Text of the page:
Published on March 22nd, 2014 | by Jennifer Kaplan1
Pepsi In Paper Bottles?
PepsiCo recently filed a patent for a new paper bottle. Will it launch a packaging revolution or just a new waste stream?
According to BeverageDaily.com, PepsiCo filed a patent for a new paper bottle with the World Intellectual Property Organization for a process for making bottles from paper fibers, although an internal plastic liner would still be used within. The specifics of the patent have not been revealed, but the experts interviewed for the BeverageDaily.com piece suggest that the packaging could only be used for partially carbonated beverages such as draft beers, rather than fully carbonated ones like soda. Pepsi also sells a variety of non-carbonated drinks, including Naked Juice, Gatorade and Aquafina bottled water.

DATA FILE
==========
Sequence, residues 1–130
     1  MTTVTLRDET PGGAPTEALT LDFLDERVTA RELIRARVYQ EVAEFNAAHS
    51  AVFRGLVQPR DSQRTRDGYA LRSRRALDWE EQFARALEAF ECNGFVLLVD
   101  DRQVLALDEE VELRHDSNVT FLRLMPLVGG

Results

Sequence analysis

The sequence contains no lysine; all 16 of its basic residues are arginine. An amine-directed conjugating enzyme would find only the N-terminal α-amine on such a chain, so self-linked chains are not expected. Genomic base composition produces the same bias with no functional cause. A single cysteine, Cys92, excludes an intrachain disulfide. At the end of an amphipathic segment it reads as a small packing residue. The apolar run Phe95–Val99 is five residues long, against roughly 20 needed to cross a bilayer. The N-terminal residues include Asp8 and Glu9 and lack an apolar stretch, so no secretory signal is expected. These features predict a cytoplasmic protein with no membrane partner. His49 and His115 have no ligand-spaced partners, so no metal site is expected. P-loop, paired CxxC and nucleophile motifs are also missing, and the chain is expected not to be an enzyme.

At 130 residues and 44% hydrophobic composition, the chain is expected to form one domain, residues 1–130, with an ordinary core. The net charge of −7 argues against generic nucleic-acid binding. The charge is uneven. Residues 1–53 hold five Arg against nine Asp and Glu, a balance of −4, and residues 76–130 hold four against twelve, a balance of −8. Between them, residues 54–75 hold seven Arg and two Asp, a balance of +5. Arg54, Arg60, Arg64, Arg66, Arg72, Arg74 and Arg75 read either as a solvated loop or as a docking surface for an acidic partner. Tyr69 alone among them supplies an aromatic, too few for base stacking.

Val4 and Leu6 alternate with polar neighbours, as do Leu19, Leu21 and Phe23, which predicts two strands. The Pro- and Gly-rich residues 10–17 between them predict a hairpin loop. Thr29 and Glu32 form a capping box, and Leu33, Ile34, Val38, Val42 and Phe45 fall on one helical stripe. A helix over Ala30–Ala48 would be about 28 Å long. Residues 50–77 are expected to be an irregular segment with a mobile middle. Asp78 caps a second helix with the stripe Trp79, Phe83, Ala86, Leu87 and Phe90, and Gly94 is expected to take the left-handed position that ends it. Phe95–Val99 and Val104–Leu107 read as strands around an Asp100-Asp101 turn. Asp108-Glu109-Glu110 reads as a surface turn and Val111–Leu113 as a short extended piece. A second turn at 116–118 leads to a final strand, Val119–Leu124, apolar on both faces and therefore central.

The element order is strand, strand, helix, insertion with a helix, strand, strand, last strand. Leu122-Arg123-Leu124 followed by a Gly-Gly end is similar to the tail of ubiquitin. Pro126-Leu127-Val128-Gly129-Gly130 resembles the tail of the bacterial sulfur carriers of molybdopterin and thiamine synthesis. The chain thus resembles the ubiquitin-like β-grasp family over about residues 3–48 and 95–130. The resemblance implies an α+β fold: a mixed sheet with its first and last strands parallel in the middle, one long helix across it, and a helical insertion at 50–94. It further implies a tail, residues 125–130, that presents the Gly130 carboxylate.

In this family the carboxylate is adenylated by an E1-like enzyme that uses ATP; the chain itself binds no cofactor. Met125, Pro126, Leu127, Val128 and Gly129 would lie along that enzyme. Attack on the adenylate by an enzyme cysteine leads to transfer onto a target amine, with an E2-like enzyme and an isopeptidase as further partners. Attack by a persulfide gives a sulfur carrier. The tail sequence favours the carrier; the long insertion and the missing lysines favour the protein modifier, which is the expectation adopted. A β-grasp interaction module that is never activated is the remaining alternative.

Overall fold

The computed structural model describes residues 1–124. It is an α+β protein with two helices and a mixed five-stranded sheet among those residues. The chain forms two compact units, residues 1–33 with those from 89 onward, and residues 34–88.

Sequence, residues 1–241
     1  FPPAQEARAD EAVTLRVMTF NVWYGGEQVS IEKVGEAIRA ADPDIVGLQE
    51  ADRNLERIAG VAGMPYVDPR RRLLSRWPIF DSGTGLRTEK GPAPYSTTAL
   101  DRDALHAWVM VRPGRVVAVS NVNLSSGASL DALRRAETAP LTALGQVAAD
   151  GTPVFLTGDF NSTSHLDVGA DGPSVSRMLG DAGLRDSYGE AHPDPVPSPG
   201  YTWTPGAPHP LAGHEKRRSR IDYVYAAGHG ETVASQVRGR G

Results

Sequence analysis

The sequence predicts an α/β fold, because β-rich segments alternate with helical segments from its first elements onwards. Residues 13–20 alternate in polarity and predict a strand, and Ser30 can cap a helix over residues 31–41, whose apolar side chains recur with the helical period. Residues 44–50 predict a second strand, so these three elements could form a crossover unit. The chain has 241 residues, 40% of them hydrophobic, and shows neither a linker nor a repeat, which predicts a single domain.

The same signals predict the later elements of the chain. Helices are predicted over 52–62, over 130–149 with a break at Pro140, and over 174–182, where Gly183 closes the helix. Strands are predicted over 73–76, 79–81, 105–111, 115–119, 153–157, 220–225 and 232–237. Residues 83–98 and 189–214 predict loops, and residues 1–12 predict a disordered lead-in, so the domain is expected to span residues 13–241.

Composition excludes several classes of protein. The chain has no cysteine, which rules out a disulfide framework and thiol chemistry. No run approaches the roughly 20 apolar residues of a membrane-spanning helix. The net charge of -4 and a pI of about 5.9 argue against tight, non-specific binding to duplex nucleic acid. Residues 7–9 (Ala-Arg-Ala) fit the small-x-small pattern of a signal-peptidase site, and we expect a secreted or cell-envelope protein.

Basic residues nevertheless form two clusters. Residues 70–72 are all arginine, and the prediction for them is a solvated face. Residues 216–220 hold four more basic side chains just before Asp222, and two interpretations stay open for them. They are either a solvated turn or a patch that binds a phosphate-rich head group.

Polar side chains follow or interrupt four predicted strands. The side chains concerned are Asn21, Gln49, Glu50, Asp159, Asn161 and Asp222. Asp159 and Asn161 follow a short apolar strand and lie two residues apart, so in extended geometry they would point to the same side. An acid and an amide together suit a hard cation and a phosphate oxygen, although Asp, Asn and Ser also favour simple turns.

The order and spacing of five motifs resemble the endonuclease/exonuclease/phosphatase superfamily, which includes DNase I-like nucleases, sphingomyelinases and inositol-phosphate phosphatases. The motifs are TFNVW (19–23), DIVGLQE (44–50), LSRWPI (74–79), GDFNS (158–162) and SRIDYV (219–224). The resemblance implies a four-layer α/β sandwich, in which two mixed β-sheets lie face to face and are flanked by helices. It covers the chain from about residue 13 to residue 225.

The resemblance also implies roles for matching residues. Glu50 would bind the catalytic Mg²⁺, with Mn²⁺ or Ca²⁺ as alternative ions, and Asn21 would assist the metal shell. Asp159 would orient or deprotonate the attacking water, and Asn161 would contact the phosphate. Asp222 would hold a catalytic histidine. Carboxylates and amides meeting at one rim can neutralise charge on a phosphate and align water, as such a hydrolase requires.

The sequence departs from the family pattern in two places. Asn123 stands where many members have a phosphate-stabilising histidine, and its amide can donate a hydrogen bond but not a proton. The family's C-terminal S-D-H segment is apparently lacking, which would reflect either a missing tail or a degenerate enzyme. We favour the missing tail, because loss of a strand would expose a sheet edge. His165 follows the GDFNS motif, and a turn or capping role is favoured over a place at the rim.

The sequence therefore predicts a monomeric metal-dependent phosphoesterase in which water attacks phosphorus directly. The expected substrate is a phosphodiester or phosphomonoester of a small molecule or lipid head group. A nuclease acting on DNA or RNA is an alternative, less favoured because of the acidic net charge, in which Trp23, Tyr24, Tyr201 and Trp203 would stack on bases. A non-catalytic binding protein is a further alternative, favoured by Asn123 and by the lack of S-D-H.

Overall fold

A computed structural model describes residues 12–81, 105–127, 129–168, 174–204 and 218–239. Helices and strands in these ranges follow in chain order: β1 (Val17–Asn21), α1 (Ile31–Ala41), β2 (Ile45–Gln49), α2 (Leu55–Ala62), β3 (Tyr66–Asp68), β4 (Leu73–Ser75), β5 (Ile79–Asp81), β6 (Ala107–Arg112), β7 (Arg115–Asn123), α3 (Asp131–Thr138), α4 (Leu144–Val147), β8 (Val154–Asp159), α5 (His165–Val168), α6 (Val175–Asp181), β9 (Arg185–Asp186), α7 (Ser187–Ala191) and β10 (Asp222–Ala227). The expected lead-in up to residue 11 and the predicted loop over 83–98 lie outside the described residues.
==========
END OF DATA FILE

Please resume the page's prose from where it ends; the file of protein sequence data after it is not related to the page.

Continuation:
Consumers have been seeing a greater number of paper bottles — although nothing as great as Coke’s ice bottle — on the shelves as companies struggle with the environmental costs associated with the manufacturing and disposal of PET bottles. Companies may also be getting ahead of regulatory trends, like the impending PET bottled water ban just passed in San Francisco.
The world’s first paper wine bottle recently hit the market last year with the appropriately named Paperboy wine, inside a bottle designed by the UK’s GreenBottle. And, leading the way, When empty, the bottle’s shell can be recycled with other household paper. The #4 plastic pouch and the #5 cap can go into the plastic recycling bin.Seventh Generation introduced a liquid laundry detergent bottle made from 100% recycled cardboard and newspaper in 2011. The patent, however, did not make clear whether Pepsi’s internal plastic liner would be recyclable like the Seventh Generation paper bottle whose #4 plastic pouch and the #5 cap can go into the plastic recycling bin (although it should be noted that #4 and #5 plastics are not universally recyclable).
So, is PepsiCo’s new paper bottle going to be a fully recyclable or just partially recyclable? I guess it remains to be seen.
Pepsi Photo by Fillmore Photography
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